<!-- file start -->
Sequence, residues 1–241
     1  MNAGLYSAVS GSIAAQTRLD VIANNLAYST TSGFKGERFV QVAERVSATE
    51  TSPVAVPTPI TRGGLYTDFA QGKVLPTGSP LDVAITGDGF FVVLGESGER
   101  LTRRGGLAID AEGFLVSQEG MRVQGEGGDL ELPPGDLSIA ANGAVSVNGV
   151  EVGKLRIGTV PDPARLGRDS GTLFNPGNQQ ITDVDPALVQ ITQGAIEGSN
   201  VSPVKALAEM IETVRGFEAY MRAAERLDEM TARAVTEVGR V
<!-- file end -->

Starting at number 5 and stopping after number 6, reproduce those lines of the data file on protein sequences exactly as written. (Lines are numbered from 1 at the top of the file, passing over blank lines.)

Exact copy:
   151  EVGKLRIGTV PDPARLGRDS GTLFNPGNQQ ITDVDPALVQ ITQGAIEGSN
   201  VSPVKALAEM IETVRGFEAY MRAAERLDEM TARAVTEVGR V